I love a good veggie burger. They can be a great source of nutrients and an easy way to sneak some plant-based protein into your diet. And believe it or not, these bad boys aren’t just for vegans and vegetarians. Everyone can benefit from a good veggie burger in their life.
I first began eating veggie burgers in the nearly eight years that I was a vegetarian. Even now since reintroducing certain forms of meat back into my diet, I still enjoy incorporating plant-based proteins into my meals. It helps me keep a balance in my routine and incorporate a variety of nutrients.
But it wasn’t until a couple years ago that I first began making homemade veggie burgers. Let me tell you, I had been missing out on an entirely new world of deliciousness. We’re talking levels of texture and flavor that just made my taste buds want to jump up and do a happy dance.
It all started one weekend when my husband and I decided to have a burger night. He threw a couple of beef patties on the grill, while I reached into the depths of my freezer… and pulled out this.
A dismal, store-bought, frost-ravaged veggie burger that immediately made me begin questioning my life choices.
I’d be lying if I said I didn’t have a quick internal debate. You know, the kind where you weigh your levels of digestive bravery at that moment. (Don’t judge. We’ve all been there.)
Finally, I said to myself, “Self, you are better than this. You have standards.”
Then I asked myself, how hard could it be to make one of these things? Not hard at all, as it turned out. All you really need for a basic patty are some black beans, bread crumbs, and eggs. Everything after that is up to your imagination. I threw this recipe together in a snap with a few pantry staples and leftovers in my fridge.
Not only is it delicious, but it’s also low-fat and packed with plant-based protein and complex carbohydrates. Plus you have the satisfaction of knowing exactly what you’re putting into your body. (No more freezer mystery burgers for you, my friend.)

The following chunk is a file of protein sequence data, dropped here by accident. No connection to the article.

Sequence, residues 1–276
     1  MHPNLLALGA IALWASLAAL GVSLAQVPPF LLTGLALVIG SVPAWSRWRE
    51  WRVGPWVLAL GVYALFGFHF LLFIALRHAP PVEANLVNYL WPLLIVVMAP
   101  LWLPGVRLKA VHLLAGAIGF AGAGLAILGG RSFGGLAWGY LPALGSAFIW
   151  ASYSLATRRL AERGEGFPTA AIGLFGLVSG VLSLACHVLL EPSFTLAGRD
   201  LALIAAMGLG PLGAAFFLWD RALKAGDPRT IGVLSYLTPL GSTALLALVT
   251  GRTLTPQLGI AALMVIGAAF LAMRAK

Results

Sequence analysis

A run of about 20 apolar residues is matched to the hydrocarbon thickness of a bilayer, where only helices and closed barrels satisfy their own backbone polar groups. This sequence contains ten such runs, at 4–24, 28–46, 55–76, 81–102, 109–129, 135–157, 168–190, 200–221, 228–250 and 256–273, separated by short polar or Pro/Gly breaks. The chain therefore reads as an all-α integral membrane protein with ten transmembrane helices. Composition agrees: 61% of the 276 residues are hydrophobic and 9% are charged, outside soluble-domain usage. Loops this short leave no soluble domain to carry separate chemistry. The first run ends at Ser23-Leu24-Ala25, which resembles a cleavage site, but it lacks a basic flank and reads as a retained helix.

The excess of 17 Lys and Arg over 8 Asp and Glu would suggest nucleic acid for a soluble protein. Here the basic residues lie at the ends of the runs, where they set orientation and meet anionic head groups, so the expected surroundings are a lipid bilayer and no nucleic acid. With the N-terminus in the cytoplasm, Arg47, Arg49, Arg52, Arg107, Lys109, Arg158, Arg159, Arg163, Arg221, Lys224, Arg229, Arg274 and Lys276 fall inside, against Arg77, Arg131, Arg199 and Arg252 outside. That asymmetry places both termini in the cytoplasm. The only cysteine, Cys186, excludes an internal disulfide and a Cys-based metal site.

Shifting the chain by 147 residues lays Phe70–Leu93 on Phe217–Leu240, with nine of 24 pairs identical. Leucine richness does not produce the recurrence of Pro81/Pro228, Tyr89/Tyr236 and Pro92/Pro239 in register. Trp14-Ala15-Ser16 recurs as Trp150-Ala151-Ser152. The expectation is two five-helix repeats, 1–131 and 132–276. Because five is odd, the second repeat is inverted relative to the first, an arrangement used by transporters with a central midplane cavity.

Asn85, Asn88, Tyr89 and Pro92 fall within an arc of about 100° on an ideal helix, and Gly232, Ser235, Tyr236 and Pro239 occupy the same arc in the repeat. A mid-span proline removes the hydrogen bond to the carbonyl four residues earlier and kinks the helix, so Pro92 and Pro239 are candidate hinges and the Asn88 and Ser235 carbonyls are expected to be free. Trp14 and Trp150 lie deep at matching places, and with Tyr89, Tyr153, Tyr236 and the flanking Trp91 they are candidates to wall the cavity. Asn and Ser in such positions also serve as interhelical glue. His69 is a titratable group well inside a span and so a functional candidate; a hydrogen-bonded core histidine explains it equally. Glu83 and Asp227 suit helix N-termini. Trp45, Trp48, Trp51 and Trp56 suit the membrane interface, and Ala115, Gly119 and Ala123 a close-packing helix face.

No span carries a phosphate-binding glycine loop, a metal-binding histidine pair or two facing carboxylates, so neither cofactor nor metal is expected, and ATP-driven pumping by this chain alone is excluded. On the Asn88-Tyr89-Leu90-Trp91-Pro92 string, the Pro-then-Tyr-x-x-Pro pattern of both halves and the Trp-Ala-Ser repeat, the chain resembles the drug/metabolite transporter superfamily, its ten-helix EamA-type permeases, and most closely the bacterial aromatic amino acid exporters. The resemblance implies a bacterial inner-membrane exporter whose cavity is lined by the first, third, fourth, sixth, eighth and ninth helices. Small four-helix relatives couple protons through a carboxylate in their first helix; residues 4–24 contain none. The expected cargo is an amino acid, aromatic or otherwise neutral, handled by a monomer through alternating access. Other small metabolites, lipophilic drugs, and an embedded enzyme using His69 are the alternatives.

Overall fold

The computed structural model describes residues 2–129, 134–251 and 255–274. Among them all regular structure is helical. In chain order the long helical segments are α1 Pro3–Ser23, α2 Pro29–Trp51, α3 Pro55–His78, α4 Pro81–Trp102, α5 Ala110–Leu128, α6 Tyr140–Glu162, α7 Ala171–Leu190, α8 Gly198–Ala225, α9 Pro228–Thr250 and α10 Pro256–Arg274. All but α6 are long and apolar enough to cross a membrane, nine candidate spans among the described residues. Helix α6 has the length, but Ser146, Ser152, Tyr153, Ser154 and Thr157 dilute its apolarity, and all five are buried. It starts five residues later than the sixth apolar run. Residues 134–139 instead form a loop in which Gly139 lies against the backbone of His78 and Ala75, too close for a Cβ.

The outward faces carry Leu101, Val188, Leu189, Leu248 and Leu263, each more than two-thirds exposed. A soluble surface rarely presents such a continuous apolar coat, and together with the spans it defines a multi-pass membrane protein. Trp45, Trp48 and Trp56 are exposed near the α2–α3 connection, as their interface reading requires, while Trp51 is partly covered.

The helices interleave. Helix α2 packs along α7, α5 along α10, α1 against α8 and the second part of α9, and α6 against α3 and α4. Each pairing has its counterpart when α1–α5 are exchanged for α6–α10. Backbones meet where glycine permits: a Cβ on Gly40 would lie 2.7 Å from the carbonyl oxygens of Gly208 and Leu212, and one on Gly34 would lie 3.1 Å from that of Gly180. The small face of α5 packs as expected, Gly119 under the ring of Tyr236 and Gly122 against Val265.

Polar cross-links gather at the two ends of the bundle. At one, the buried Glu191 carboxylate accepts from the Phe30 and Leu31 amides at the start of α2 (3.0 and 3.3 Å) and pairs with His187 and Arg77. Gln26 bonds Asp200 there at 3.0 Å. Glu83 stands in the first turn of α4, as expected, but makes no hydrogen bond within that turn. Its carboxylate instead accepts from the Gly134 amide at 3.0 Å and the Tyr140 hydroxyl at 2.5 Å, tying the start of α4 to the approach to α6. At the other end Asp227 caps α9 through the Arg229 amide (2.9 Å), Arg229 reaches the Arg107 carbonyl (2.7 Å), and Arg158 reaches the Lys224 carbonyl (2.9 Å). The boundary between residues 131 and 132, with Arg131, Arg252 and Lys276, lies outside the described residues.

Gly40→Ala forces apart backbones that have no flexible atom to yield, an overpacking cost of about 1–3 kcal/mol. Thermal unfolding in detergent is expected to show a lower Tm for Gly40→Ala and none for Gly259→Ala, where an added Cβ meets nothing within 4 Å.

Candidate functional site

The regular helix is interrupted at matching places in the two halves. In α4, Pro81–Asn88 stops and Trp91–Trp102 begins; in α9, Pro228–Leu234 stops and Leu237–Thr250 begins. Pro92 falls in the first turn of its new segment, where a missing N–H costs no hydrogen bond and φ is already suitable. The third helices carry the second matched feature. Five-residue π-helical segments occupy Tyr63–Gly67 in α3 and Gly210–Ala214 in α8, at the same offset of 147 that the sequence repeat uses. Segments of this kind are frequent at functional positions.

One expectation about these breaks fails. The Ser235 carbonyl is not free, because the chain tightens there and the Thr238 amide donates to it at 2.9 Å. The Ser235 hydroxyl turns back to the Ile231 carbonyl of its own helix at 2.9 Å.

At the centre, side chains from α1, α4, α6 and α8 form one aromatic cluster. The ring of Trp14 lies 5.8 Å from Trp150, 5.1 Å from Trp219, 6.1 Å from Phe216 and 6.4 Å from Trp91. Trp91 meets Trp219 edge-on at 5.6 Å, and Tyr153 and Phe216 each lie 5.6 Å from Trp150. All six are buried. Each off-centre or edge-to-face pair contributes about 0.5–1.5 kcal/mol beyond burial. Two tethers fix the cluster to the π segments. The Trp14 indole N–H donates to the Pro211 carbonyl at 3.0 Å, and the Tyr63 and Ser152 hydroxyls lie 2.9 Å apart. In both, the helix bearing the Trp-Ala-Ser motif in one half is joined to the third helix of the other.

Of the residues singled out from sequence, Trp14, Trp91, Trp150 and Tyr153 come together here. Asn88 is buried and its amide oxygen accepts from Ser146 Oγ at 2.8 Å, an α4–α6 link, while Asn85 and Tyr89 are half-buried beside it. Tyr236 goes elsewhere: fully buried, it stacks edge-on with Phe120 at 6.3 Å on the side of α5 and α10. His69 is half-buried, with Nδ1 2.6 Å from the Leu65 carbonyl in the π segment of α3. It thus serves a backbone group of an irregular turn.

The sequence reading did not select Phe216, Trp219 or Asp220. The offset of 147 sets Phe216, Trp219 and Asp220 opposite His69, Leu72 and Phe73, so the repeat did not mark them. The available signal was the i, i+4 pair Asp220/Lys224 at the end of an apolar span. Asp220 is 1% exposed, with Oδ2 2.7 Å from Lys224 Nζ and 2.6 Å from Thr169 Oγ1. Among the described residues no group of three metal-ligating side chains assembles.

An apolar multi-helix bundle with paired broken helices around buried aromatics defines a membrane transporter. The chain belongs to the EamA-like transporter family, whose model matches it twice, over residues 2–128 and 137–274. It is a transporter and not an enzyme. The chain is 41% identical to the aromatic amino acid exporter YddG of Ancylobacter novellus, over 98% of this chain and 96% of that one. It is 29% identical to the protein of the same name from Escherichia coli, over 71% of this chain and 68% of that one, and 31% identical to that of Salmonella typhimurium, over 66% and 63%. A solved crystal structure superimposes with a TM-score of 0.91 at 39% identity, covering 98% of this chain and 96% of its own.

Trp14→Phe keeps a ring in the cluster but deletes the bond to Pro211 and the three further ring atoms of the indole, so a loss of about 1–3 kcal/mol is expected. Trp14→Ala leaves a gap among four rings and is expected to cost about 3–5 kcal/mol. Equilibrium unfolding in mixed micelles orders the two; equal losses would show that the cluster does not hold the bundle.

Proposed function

Southwest Black Bean Burger
- 1 Can reduced sodium black beans
- 1 Medium sweet potato, baked with skin removed
- 1/4 Cup onions, finely diced
- 1/4 cup corn, grilled or sauteed
- 1 Egg
- 3/4 Cup whole wheat bread crumbs
- 1 teaspoon chili powder
- 1 teaspoon garlic powder
- 1 teaspoon cumin
- Salt and pepper to taste
Rinse and drain black beans then pour them into a large mixing bowl. Grab a fork and mash away at those beans like there’s no tomorrow. When they begin to form a smooshy, beany-paste, toss in the sweet potato and keep’a mashin’. Think about the marvelous arm muscles you’re developing as you mix and mash, until the beans and potato form together into one big bowl of mush. (Not just any mush. The mush of legends.) Add in the rest of your ingredients and stir until well combined.
Begin forming your burgers into round, even patties. Cook over medium heat on a greased pan for 5-10 minutes on each side (depending on the thickness of the patty). Yields about 5 veggie patties.
- You can swap the whole wheat bread crumbs for some Panko breadcrumbs as a gluten-free substitute.
- Vegan? No problem. Switch the egg for 1 tablespoon of ground flax seed mixed with 3 tablespoons of water. Let the mixture sit for a few minutes so the flax seed can absorb the water and then add it in with the other ingredients.
- Not a fan of sweet potatoes? A regular baked potato will also do the trick.
- When making substitutions, just keep in mind that your macro count may slightly vary from this specific recipe. If you’re counting macros, just make sure to adjust the recipe macros in a macro calculator based on the ingredients you use.
MACROS PER BURGER PATTY:
- Calories: 195
- Carbs: 35g
- Fat: 2g
- Protein: 9g
If you get overzealous with your quantities or just feel like fresh veggie burgers all week, no worries. The patty dough will actually keep for several days in an airtight container in the refrigerator. And if you’re looking to lower the carb count, try enjoying your veggie burger in a lettuce wrap or tossing it onto a salad.
All writing and images copyright © 2019 Rachel Elise Weems Woods
Originally published 2-6-16. Updated 1-12-19